If the digital era has brought about one thing it’s the knee-capping of a once-inflated music industry. Whilst the general public has never before been given access to so many songs from such a wide selection of artists, there has never been less chance of forging a real career as a musician, and the days of international rock stardom are fast becoming the reserve of a painfully small list of purveyors.
If there’s one area this can be felt more than anywhere else it’s the humble single. These days the very nature of music marketing and its focus on assets for online use means singles are usually accompanied by a free to view video on YouTube or Vimeo. Given plugging devices into decent hi-fis is a relatively simple task, for most people aside from die-hard collectors and fans, there really is no need to even consider buying a single. An EP maybe, and even then only if it’s available on download and none of the tunes appear on last year’s album.
Short form releases, with the exception of free MP3 downloads the likes of which are increasingly used in exchange for a little data capture, are unarguably in danger of complete pointlessness, which in turn means what was once a ratings giant in the weekend radio schedule- namely the Official UK Top 40- is also at risk of becoming rather irrelevant. Hence the decision to follow the U.S. Billboard 100 model and begin including streaming plays from major services within the figures that decide on who gains the coveted number one spot.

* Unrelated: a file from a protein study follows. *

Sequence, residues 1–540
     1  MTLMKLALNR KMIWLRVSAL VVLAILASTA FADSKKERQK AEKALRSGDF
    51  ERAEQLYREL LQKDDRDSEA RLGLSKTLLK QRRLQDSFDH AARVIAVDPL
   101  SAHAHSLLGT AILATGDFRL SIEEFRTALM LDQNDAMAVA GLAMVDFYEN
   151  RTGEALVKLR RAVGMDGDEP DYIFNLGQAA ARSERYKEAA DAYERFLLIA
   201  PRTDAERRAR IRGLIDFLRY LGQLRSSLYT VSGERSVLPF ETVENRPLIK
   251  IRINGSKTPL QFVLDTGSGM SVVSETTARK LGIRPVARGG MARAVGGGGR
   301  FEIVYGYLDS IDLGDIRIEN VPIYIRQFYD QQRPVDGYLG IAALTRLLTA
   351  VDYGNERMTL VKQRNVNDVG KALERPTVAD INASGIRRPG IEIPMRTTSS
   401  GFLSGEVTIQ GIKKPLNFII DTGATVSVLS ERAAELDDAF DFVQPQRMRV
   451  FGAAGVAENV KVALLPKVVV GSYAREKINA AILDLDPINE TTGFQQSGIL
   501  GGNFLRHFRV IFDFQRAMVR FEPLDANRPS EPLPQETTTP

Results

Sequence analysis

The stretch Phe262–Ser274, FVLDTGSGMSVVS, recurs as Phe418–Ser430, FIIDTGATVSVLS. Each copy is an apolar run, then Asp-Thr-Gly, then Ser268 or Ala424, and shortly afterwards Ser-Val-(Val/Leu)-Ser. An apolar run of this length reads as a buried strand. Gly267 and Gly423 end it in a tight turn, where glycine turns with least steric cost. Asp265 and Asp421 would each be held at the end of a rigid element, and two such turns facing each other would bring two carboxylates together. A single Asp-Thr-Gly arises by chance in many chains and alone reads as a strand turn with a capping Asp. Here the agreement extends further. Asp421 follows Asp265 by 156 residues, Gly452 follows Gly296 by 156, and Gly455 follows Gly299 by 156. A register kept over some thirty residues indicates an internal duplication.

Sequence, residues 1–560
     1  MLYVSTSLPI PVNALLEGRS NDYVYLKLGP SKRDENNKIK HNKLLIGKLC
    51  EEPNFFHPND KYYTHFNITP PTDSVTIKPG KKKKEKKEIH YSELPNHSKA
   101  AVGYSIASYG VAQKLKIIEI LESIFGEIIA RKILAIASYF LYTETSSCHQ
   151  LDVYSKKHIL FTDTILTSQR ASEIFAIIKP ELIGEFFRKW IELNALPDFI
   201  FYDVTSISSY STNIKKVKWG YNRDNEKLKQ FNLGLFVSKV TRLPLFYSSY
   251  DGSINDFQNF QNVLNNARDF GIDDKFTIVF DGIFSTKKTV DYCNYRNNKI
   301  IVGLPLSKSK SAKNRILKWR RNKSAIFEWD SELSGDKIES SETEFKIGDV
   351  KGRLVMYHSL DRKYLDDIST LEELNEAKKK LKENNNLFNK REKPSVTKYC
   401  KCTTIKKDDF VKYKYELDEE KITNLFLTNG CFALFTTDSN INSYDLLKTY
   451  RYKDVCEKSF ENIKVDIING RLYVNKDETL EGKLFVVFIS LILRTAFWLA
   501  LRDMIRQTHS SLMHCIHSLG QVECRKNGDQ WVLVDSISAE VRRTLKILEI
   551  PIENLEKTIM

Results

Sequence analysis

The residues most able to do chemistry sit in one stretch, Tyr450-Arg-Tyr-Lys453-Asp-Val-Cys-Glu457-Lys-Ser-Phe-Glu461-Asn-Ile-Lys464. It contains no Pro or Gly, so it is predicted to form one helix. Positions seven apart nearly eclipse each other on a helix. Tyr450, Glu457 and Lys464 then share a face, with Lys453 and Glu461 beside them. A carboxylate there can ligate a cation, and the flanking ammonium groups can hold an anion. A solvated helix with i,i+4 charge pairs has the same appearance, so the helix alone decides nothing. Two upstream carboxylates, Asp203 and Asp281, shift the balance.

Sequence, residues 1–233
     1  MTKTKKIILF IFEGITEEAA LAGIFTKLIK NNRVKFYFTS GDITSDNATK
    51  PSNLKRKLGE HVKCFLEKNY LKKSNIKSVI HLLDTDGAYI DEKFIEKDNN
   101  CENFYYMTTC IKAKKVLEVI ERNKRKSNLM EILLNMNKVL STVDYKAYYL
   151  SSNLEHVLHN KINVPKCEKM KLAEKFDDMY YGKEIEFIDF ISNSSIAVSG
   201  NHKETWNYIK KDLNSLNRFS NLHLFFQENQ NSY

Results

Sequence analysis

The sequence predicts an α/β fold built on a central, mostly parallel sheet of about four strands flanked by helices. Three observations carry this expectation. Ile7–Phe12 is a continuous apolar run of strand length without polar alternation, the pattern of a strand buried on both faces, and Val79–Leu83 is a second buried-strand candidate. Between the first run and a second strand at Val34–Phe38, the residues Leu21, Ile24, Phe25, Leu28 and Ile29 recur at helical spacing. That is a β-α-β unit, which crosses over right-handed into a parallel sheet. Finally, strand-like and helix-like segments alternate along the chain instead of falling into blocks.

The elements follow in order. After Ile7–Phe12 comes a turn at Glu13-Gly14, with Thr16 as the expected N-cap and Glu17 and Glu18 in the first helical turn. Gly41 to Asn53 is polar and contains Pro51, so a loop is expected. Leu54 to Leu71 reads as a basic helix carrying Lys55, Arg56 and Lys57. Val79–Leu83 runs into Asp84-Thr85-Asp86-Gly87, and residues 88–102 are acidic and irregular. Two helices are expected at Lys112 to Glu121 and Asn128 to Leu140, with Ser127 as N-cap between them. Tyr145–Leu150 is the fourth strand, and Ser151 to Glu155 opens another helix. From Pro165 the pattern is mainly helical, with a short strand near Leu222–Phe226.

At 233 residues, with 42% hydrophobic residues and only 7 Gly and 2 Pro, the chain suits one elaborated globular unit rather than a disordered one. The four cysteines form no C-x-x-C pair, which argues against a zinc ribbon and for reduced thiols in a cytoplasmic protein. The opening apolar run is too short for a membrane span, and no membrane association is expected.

Surprisingly, YouTube plays are not yet confirmed for the plans, which are expected to come into play soon. And even if the video streaming behemoth is included (which it most definitely should be considering the press release mainstay that is “clocking up XXXXXX YouTube hits in the process), there remains a few questions over exactly where the charts stand in today’s landscape. There was a time when unprecedented access to sales figures created a format that was the only comprehensive way of knowing what the most popular bands in the country sound like. In contrast, we now have a multitude of ways in which we can discover who is listening (and, in the odd instance, buying) what. Not least amongst our friends via online status updates or automatic Spotify tweets, with an understanding of what’s ‘trending’ amongst direct peers far more compelling when it comes to decision making compared with random members of the public. Nevertheless, we’ll watch with interest as the changes are introduced.